At this point, employers may be intimately familiar with many of the provisions of the Affordable Care Act - coverage until age 26, no exclusions for pre-existing conditions and others. But one clause that may have escaped the attention of benefit managers relates to experimental treatments and medications - if you weren't covering clinical trials, odds are you might have to now.
Starting next year, the health care reform act holds that a "qualified individual" cannot be denied coverage by a plan for "related services" from an approved clinical trial. While that by itself may not mean deep changes for most employer-sponsored health care plans, many of those medical studies say they will cover related expenses that aren't already taken care of by existing insurance - a convergence-of-care issue for even well-designed plans.
The firm Proskauer Rose's Ellen Moskowitz, a New York-based expert in health care law, and Stacy Barrow, a Boston-based employee benefits expert, spoke with EBN about what this ACA provision means for employers and their employees who may be seeking experimental care.
What changes are coming to clinical trials in employer-sponsored health plans?
Moskowitz: As of Jan. 1, the Affordable Care Act is requiring employers with self-insured plans, that in the past were not affected by state insurance laws dealing with mandated benefits, to cover certain routine costs associated with certain clinical trials. The law sets a floor, not a ceiling, so the numerous state insurance laws that address coverage of routine costs for clinical trials still apply to the extent their coverage is more generous than the coverage described in the federal law. Those state insurance laws don't touch self-insured plans, but many employers will have a combination of insured benefits [and] self-insured benefits, so again, the bottom line is that there's a new requirement to think about when employers are considering their plan designs, and it reaches certain routine costs of clinical trials that in the past may not have been covered by applicable laws.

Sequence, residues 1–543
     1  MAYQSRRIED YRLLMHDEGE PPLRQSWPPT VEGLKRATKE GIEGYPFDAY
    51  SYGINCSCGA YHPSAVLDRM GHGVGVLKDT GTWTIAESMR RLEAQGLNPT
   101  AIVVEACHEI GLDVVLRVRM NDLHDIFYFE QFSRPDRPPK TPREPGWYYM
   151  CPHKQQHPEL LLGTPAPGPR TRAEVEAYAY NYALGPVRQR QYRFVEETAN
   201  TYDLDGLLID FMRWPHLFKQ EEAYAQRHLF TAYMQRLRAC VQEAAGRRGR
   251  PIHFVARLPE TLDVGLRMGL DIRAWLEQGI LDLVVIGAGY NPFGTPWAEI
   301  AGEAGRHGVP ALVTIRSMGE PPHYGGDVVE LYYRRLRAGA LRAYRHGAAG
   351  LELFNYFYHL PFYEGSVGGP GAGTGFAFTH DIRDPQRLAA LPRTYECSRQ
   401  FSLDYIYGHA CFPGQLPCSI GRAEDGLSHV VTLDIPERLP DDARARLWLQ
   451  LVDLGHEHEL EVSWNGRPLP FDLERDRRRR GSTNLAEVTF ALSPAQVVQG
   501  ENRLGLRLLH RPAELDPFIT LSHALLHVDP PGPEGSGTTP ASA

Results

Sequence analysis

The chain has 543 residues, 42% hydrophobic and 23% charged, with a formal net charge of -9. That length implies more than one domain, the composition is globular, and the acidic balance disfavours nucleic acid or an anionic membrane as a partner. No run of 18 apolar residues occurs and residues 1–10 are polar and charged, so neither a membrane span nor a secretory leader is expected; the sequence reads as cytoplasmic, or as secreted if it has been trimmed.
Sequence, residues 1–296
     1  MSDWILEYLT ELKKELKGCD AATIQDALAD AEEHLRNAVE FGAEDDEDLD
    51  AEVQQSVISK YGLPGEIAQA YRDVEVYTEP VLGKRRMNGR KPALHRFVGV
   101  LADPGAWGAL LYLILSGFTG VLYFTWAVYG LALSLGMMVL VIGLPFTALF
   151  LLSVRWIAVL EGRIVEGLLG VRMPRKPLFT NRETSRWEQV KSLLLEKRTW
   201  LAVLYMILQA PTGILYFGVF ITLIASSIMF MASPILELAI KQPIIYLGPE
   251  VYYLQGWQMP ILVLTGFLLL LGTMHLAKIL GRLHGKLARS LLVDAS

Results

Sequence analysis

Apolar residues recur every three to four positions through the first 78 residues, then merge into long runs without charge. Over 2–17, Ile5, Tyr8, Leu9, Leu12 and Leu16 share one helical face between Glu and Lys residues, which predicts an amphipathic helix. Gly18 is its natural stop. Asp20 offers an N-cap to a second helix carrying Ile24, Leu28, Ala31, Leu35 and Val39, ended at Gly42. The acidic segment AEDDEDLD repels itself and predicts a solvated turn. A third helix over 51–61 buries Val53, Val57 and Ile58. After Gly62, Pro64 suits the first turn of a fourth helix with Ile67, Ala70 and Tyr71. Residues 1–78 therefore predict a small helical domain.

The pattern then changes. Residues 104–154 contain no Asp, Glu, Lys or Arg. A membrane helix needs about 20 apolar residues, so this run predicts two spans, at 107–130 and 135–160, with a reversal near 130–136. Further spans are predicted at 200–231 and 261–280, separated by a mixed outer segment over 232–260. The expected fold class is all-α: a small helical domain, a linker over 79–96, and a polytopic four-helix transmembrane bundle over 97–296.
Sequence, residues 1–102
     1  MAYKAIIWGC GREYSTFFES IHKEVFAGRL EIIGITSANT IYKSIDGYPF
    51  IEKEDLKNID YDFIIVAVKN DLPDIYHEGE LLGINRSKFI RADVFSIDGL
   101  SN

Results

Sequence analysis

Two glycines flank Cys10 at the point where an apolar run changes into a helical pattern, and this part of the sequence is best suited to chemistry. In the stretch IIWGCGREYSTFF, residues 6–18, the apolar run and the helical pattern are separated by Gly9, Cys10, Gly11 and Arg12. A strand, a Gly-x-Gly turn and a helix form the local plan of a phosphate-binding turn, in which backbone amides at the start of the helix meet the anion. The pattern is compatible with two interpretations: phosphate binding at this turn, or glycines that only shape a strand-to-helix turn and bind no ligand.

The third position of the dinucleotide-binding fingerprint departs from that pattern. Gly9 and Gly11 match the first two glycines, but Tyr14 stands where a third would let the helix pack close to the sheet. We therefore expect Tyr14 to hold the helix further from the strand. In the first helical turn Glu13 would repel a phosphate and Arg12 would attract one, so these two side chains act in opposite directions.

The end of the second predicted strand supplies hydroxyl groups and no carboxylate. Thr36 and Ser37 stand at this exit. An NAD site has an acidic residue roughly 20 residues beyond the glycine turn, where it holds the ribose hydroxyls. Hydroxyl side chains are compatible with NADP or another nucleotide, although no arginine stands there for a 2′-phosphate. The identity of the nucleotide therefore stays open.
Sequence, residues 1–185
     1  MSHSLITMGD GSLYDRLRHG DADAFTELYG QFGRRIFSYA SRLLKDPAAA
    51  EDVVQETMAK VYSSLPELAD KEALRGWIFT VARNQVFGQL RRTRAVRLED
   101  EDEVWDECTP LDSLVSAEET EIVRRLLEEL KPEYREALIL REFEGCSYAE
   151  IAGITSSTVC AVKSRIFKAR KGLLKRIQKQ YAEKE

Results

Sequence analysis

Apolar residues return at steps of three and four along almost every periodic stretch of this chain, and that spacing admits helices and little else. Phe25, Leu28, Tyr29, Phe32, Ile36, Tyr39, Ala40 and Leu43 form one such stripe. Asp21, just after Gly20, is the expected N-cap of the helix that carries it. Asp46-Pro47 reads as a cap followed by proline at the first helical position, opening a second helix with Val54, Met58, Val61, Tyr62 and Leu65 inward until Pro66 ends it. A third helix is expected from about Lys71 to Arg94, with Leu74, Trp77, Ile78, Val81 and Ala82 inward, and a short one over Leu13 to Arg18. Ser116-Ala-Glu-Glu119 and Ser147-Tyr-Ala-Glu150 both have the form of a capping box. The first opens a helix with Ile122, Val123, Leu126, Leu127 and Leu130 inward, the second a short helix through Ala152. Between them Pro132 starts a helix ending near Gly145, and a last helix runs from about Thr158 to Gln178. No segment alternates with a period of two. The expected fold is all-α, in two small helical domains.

What kind of routine costs are we talking about? What's covered now that wasn't before?
Moskowitz: That is a very complicated question. Most states have laws mandating the routine costs of clinical trials or in other ways touching on coverage for clinical trials, and these laws are sometimes voluntary agreements for insurance providers. For example, New Jersey has an agreement in place with insurance providers to cover certain costs associated with cancer treatments, depending on your diagnosis. Other states don't have specific laws covering clinical trials, but if a particular treatment or course of care has benefit for a patient, it ought to be covered by insurance companies. For example, New York is a state like that.
One of the questions is, what's a routine cost? The easier question is, what isn't a routine cost? And that is usually the cost of the study, drug or device - that wouldn't be considered something that an insurance company would pay for.
Barrow: The plan has to keep on providing the items and services it typically provides. What it can exclude is the item or device itself, and I think there's another exclusion for services that are not consistent with standards of care in the diagnosis.
Is it possible that clinical trials could try to reformat as a result of these changes and get insurance companies to cover more of the cost?
Moskowitz: I think that's unlikely. I think as a practical matter, many states already have guidelines to cover clinical trials. .... It's a very compelling situation; often you have extremely sick patients. A doctor will offer an opportunity to enroll in a clinical trial, and it's often the case that patients and their families will want to take advantage of whatever options are available. The other side of the coin, though, is that experimental treatments are experimental, which means that their benefit has not been proven. So, on the one hand, you want to support patients who have life-threatening illnesses, but ... there are ethical issues and issues of quality-of-life for patients involved in these trials. And then there is the basic issue of what is appropriate for an insurance company to cover.